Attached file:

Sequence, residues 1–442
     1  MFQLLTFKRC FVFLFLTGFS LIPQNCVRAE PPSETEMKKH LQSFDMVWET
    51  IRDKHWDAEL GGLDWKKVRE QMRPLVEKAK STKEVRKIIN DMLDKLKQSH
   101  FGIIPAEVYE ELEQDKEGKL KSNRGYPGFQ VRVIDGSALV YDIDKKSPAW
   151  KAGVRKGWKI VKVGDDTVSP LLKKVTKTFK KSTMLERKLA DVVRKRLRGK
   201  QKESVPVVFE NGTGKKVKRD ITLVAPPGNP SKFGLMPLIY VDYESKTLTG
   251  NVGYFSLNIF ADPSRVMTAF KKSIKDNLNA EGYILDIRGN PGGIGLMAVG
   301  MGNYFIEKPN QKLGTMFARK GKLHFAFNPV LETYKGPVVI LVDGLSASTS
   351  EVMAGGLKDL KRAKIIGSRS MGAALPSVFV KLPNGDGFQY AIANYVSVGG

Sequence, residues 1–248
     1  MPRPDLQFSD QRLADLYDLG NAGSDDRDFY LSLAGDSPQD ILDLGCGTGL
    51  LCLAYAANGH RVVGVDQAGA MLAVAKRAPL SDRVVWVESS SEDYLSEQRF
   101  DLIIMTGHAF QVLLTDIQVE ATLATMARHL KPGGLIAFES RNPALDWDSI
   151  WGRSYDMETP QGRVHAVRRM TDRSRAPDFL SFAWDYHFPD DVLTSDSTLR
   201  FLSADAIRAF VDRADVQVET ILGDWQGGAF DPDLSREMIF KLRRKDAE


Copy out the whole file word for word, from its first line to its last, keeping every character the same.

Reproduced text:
Sequence, residues 1–442
     1  MFQLLTFKRC FVFLFLTGFS LIPQNCVRAE PPSETEMKKH LQSFDMVWET
    51  IRDKHWDAEL GGLDWKKVRE QMRPLVEKAK STKEVRKIIN DMLDKLKQSH
   101  FGIIPAEVYE ELEQDKEGKL KSNRGYPGFQ VRVIDGSALV YDIDKKSPAW
   151  KAGVRKGWKI VKVGDDTVSP LLKKVTKTFK KSTMLERKLA DVVRKRLRGK
   201  QKESVPVVFE NGTGKKVKRD ITLVAPPGNP SKFGLMPLIY VDYESKTLTG
   251  NVGYFSLNIF ADPSRVMTAF KKSIKDNLNA EGYILDIRGN PGGIGLMAVG
   301  MGNYFIEKPN QKLGTMFARK GKLHFAFNPV LETYKGPVVI LVDGLSASTS
   351  EVMAGGLKDL KRAKIIGSRS MGAALPSVFV KLPNGDGFQY AIANYVSVGG

Sequence, residues 1–248
     1  MPRPDLQFSD QRLADLYDLG NAGSDDRDFY LSLAGDSPQD ILDLGCGTGL
    51  LCLAYAANGH RVVGVDQAGA MLAVAKRAPL SDRVVWVESS SEDYLSEQRF
   101  DLIIMTGHAF QVLLTDIQVE ATLATMARHL KPGGLIAFES RNPALDWDSI
   151  WGRSYDMETP QGRVHAVRRM TDRSRAPDFL SFAWDYHFPD DVLTSDSTLR
   201  FLSADAIRAF VDRADVQVET ILGDWQGGAF DPDLSREMIF KLRRKDAE